An Olympian will receive a new gold medal after the first was bitten by a local mayor.
Takashi Kawamura, mayor of Nagoya in Japan, has apologised after chomping on softball athlete Miu Goto’s winning medal.
Mr Kawamura, 72, asked Ms Goto to put the medal around his neck before pulling down his face mask and biting into it on August 4.
His bizarre behaviour sparked a backlash amid claims the mayor had ignored Covid restrictions and ‘lacked respect’.
More than 7,000 people complained to authorities about his actions – with critics branding him ‘unhygienic and impolite’ on social media, leading to ‘germ medal’ trending online in Japan.
Mr Kawamura put the medal between his teeth at a ceremony to mark Japan’s victory over the USA in the women’s softball final.
The mayor said the medal was not damaged but offered to pay for a replacement.
He said: ‘I forgot my position as Nagoya mayor and acted in an extremely inappropriate way,’ he said.
‘I’m really sorry that I hurt the treasure of the gold medallist,’ he added.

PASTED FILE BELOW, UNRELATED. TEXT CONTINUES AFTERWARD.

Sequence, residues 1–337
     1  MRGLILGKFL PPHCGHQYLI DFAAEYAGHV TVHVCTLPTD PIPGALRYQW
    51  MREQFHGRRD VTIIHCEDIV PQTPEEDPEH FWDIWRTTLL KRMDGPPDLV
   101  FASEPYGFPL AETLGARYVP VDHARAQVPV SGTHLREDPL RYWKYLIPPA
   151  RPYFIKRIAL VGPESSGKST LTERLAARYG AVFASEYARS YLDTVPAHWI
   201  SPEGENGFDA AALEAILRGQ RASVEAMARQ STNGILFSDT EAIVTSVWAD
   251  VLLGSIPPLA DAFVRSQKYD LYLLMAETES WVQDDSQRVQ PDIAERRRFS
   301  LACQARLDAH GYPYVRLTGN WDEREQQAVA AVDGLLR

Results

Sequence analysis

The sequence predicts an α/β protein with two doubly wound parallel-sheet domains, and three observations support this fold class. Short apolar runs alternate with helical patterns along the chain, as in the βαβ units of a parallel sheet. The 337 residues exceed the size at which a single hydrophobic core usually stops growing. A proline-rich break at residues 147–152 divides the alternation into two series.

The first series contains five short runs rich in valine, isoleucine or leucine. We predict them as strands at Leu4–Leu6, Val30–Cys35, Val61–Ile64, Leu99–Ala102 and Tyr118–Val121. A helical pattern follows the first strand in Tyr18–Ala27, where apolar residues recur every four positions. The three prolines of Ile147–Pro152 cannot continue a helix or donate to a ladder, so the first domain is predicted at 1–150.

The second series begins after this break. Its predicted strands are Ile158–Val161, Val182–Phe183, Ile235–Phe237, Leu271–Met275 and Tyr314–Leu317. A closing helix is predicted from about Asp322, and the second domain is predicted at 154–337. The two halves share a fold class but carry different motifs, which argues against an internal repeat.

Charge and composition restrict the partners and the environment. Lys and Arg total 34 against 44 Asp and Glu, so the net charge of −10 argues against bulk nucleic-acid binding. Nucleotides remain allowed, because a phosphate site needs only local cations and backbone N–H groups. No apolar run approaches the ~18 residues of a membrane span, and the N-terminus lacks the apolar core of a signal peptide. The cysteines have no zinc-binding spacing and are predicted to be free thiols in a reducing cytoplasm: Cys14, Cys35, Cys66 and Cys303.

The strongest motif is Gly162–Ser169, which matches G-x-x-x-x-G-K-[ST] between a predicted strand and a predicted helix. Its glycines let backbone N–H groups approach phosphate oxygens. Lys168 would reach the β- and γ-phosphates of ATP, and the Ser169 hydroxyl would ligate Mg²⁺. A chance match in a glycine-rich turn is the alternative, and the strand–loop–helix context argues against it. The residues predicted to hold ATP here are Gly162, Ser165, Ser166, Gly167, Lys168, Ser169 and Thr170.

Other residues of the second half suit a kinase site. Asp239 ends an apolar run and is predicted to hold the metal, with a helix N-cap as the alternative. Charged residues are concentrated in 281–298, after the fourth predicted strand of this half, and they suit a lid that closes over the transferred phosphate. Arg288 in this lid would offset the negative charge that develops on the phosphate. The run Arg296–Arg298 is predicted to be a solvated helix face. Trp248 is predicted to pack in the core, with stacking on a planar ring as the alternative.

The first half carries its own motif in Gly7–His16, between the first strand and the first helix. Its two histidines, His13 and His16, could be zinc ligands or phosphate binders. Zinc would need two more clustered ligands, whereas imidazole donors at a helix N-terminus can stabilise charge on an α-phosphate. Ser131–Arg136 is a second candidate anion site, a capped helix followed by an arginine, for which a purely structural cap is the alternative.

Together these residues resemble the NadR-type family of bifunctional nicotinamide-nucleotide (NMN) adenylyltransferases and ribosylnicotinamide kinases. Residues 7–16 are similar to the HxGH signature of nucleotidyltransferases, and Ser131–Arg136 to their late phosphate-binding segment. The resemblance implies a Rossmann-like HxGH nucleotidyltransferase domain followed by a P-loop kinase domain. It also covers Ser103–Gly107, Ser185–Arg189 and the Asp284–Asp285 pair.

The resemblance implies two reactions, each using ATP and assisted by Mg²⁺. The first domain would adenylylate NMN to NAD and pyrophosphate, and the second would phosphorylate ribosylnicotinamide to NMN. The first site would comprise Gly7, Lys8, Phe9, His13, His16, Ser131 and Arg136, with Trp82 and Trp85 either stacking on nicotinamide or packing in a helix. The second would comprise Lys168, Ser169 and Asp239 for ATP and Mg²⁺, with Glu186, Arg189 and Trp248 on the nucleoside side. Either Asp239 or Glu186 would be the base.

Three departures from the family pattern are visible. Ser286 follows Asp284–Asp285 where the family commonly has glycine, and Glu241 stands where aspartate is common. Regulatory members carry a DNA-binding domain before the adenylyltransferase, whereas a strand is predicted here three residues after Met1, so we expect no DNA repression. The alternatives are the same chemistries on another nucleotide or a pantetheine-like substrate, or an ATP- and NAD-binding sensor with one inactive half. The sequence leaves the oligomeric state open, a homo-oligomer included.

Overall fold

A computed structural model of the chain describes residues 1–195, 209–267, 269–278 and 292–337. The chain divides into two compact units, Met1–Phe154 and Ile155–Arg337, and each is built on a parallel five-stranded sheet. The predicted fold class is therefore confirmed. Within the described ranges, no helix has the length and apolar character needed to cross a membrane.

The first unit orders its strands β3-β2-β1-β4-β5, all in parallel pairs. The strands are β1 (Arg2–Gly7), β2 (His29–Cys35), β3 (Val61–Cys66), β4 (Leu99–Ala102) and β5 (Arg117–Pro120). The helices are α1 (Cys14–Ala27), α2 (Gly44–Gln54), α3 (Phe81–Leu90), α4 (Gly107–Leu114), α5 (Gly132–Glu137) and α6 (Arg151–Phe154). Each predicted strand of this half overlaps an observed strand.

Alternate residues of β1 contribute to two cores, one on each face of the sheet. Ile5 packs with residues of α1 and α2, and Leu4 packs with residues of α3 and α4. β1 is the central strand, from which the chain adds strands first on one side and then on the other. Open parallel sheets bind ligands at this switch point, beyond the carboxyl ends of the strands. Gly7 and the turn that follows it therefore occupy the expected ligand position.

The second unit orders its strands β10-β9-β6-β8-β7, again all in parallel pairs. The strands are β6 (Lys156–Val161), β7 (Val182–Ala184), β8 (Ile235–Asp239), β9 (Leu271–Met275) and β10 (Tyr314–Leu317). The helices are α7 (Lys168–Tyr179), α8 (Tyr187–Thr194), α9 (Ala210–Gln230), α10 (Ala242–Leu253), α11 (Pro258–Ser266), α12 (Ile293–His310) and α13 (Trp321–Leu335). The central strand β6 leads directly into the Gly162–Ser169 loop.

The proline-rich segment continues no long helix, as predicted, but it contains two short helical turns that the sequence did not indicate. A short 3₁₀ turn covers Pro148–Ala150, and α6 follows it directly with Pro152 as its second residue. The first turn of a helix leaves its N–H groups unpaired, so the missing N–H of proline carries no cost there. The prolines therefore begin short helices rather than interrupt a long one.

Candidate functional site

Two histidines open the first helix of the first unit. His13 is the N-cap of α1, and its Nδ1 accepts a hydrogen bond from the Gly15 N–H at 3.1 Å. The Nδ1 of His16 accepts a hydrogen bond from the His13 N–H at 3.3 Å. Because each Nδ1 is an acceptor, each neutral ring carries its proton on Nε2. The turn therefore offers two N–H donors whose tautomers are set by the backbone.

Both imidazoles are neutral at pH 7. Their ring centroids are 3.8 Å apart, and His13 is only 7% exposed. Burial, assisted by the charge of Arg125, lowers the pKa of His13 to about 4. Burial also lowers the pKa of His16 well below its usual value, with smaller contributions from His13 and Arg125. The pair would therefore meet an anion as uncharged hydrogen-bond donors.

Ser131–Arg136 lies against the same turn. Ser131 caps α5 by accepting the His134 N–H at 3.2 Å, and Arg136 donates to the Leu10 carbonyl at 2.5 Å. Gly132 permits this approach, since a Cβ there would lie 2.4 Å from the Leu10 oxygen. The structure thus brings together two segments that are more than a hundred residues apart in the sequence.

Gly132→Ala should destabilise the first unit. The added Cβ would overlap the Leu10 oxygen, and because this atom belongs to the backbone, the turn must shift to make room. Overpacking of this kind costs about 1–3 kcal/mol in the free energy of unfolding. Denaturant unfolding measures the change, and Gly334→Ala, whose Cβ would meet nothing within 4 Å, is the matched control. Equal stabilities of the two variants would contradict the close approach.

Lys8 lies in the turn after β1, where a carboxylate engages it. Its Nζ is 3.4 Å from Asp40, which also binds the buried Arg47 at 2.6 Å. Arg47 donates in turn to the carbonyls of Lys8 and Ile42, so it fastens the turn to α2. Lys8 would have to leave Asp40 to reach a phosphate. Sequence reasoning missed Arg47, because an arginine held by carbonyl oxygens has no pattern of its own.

The International Olympic Committee said it would cover the costs of a replacement, a statement from Tokyo 2020 organisers said on Thursday.
Naohisa Takato, who claimed gold for Japan in judo, posted on Twitter: ‘I would cry if that happened to me’, adding: ‘I handle my own gold medal so gently not to scratch it.’
Meanwhile silver-medal winning fencer, Yuki Ota, lashed out at the mayor on Twitter, posting: ‘Apart from showing a lack of respect for athletes, he bit it even though [athletes] are putting on medals themselves or on their team-mates during medal ceremonies as part of infection prevention measures. Sorry, I can’t understand it.’
Toyota, the owners of the team Ms Goto plays for, branded the gesture ‘inappropriate’ and ‘extremely regrettable’.
The so-called medal bite happens regularly at Olympic games, however it is usually reserved for the winning athletes.
The Tokyo 2020 organisers previously joked how the medals were ‘not edible’.
The official Twitter account posted: ‘Our medals are made from material recycled from electronic devices donated by the Japanese public.
‘So you don’t have to bite them – but we know you still will.’
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